The Works of the Rev. Jonathan Swift/Volume 13/From Mary Delany to Jonathan Swift - 5


ST.MARY'S SQUARE,

SIR,

GLOUCESTER, NOV. 20, 1734.


I AM truly concerned at your having been so much out of order: I most heartily wish you constant health and happiness, though that is of little use to you, and only serves to do honour to myself, by showing I know how to prize what is valuable.

I should have returned you thanks much sooner for the favour of your last letter; but when I received it I was preparing for my journey hither, and have ever since had so great a disorder in one of my eyes, that till this moment I have not been able to make my acknowledgments to you. I wonder you should be at a loss for a reason for my writing to you; we all love honour and pleasure: were your letters dull, do you imagine my vanity would not be fond of corresponding with the dean of St. Patrick's? But the last reason you give I like best, and will stick by, which is, that I am a more constant nymph than all your goddesses of much longer acquaintance; and farthermore I venture to promise you are in no danger of receiving a boutade, if that depends on my will. As for those fastingdays you talk of[1], they are, I confess, alluring baits, and I should certainly have been with you in three packets according to your commands, could I either fly or swim: but I am a heavy lump, destined for a few years to this earthly element, and cannot move about, without the concurrent assistance of several animals that are very expensive.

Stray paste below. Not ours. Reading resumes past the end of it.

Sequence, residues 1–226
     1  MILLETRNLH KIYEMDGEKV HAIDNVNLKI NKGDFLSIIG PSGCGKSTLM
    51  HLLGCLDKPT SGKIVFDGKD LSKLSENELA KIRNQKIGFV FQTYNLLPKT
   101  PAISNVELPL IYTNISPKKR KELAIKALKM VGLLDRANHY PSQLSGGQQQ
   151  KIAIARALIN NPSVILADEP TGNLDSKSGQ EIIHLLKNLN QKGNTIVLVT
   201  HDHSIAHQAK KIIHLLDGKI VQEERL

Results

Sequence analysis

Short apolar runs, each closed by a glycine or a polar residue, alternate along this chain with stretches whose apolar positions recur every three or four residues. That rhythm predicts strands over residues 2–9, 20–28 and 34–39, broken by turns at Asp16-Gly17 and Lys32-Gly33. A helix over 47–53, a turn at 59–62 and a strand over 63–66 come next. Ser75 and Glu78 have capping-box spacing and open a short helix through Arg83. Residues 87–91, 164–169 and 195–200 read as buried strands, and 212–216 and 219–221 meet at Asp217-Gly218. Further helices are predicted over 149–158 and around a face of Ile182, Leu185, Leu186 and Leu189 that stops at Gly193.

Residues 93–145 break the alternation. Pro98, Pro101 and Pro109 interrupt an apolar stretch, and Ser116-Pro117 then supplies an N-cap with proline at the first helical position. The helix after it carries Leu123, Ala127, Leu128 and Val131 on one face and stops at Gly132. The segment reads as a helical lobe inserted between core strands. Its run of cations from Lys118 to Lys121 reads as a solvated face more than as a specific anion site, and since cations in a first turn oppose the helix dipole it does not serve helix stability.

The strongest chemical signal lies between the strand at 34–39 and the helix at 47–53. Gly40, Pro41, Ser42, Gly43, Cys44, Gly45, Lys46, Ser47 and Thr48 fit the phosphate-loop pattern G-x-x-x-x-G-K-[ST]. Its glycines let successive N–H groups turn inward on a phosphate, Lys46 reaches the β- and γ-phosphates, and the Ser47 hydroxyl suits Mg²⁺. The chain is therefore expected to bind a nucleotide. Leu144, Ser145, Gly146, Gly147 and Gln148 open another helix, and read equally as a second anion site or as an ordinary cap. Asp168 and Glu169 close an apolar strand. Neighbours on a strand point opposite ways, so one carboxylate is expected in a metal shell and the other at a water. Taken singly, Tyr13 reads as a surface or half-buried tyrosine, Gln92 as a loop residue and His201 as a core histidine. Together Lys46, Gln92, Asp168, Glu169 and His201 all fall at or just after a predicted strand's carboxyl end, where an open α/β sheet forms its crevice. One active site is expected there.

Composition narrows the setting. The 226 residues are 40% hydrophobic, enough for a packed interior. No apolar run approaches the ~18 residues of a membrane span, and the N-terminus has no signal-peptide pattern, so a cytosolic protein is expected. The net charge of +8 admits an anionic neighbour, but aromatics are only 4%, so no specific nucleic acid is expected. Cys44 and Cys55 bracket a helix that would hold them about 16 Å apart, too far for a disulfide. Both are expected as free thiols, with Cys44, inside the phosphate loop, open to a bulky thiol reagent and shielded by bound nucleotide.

Now for business: As soon as I received your letter, I went to your brother Lansdown, and spoke to him about the duke of Chandos. He desired me to make his compliments to you, and to tell you he was very sorry he could be of no service to you in that affair; but he has had no manner of correspondence or even acquaintance with the duke these fifteen years. I have put it however into hands that will pursue it diligently, and I hope obtain for you what you desire; if they do not succeed, you must not call me negligent; for whatever lies in my power to serve you, is of too much consequence for me to neglect.

I have left my good friend, and your humble servant, Mrs. Donnellan, behind me in London, where she meets with little entertainment suitable to her understanding; and she is a much fitter companion for the Dublin Thursday Society, than for the trifling company she is now engaged in; and I wish you had her with you (since I cannot have her) because I know she would be happier than where she is, and my wish I think no bad one for you. Neither my eyes nor paper will hold out any longer. I am, sir, your most faithful humble servant,


I beg my compliments to all your friends.


  1. That is, dining upon two or three dishes at the deanery; which, in comparison of magnificent tables, the doctor used to call fasting.